The other way around is also confusing for the poor American who visits Europe. Some help is here, because in non speaking English European countries, they learn British English and not American.

But all this doesn't matter as long as we can communicate together even only with hand and feet !


20 comments:

Jo said...

OMW What a wonderful post! You should come to South Africa to become really confused. Hence my WW yesterday that many Europeans didn't quite catch! Hope you'll have a dry Christmas!

EastCoastLife said...

Here in Singapore, we learn the British English in schools but we watch lots of American TV programmes and movies. We get confused too. :P

Linens and Royals said...

Americanisms are creeping in here too but I try to resist them. Here it seems a flat is what you rent and a unit is a flat you buy. What we call a garage sale is a yard sale in America and a car boot sale in Britain.
Whatever they are called I am there and ready to buy other peoples discards/rubbish.

Hilary Melton-Butcher said...

Hi Gattina .. we're losing the uniqueness of life - but language differences can be challenging - good list you've given us here ..

Cheers and enjoy the rest of the festive preparations .. Hilary

Andrew said...

Brilliant!!! And funny too. I might turn this into my own post in time, but briefly Australia takes from both countries.

We say toilet but you do at times see the sign restroom, although I can't remember seeing restroom for a while. Don't Americans usually say bathroom?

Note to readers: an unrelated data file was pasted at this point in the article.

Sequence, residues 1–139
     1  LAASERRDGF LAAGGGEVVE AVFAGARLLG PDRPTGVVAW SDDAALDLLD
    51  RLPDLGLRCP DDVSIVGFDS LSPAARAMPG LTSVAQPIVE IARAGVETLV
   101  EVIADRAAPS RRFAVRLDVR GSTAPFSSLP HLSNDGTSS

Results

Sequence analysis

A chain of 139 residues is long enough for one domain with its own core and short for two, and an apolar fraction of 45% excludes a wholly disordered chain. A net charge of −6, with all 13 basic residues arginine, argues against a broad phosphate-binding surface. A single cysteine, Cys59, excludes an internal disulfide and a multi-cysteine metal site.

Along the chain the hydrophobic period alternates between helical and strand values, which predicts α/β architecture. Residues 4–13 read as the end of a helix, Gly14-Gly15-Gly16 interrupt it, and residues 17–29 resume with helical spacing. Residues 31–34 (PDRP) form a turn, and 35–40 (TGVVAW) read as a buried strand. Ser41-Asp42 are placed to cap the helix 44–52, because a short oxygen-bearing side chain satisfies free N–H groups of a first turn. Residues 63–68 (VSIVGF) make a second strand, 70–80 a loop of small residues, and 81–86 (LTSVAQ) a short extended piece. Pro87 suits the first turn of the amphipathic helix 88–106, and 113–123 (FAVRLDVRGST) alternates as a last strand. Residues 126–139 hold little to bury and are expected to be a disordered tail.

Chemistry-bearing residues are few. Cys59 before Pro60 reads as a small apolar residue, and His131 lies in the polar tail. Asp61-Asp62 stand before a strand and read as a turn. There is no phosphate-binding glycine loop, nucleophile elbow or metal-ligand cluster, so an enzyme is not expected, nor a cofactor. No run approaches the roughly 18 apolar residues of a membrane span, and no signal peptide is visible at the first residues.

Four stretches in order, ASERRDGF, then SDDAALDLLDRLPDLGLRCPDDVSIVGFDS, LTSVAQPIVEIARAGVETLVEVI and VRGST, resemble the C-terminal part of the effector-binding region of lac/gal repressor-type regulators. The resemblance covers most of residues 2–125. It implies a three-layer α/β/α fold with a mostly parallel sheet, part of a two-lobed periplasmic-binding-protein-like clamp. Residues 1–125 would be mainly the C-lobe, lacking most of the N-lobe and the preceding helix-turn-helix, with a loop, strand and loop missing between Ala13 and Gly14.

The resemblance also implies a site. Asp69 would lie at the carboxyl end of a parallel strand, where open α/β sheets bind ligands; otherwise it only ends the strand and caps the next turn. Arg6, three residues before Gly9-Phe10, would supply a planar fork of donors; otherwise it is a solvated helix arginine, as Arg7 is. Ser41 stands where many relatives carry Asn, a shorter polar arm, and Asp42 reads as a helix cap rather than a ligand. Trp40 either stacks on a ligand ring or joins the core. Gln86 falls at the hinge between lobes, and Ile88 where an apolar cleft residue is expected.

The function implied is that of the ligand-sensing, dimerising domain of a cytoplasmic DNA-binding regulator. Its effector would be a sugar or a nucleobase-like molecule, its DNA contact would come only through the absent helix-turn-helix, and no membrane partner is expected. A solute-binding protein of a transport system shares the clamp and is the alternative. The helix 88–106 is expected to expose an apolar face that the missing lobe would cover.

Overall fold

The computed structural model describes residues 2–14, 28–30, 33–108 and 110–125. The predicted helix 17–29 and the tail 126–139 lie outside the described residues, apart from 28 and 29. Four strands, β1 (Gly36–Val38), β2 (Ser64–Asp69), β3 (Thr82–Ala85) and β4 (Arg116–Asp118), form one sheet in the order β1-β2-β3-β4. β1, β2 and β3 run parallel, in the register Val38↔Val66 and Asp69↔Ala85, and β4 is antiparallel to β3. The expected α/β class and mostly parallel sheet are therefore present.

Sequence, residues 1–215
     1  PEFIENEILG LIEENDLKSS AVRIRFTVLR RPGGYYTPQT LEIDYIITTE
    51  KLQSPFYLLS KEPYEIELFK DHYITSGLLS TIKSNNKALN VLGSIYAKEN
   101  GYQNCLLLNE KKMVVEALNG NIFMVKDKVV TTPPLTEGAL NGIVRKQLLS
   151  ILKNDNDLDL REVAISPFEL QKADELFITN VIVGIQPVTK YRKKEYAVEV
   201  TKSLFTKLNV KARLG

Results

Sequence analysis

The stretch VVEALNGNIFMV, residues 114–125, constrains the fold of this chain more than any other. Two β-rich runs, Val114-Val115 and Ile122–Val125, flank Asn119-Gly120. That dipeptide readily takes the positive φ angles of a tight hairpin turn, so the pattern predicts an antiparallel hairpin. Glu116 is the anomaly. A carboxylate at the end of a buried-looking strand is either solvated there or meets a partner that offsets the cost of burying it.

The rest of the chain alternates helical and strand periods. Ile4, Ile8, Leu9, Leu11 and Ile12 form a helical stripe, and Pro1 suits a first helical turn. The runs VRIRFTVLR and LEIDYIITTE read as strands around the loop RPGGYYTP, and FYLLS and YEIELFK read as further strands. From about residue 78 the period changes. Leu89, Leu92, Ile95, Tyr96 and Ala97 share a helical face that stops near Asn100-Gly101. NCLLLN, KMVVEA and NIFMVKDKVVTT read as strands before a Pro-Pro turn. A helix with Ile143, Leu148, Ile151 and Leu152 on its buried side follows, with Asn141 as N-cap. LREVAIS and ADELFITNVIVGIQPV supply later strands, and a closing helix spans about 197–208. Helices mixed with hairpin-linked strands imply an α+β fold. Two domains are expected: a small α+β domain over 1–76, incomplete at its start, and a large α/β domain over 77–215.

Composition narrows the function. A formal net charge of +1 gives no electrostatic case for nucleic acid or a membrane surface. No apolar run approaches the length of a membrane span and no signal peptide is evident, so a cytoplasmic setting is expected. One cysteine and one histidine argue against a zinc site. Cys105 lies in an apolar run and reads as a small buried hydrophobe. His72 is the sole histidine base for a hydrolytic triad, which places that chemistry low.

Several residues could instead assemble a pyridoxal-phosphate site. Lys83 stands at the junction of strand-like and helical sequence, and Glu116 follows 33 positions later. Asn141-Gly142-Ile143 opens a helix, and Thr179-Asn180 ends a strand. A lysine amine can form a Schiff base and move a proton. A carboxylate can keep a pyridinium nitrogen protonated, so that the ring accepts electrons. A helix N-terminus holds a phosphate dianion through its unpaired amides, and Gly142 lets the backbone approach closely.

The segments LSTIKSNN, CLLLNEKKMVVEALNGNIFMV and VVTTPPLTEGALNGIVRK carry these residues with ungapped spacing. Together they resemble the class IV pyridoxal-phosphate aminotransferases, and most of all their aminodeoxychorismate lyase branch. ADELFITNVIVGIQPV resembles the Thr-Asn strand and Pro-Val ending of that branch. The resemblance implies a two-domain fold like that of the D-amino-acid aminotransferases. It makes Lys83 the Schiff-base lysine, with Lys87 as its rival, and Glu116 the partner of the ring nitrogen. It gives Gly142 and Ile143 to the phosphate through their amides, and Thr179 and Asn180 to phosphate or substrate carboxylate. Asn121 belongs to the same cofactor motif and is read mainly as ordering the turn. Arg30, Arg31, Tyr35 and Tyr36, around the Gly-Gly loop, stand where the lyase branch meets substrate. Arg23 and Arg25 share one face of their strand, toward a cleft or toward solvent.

Biscuits here, but you hear cookies used at times in big shops.

The traditional Aussie is blokes, but you are more likely to hear guys now, for both men and women.

We say boot, bonnet, mudguard and not fender.

We have always said truck, but we know lorry well from books and tv.

We use both garden and yard. A yard is less formal. Front garden in front of the house, back yard at the back.

I may be out of touch about babies, but we used to say pusher when the child was sitting up or pram if they flat on their back.

We say lift, but those who watch a lot of American tv might say elevator.

Definitely wardrobe here. Building plan toilets are marked with the initials WC, water closet.

Mostly mailbox, but you post a letter in a letter box on the street. The mail is delivered by a postman or mailman.

Pants here.

Mostly movies here. My mother used to go to the pictures. I go to the cinema. Young people go to the movies.

Your flat in Australia is probably smaller and more modest than your apartment in Australia. It is a hard one and people decide for themselves. I have lived in a couple of flats, one was rented, one was owned. I now live in an apartment. But if you live in a small one bedroom rented flat and you call it an apartment, you are 'bunging it on', or 'putting on side'.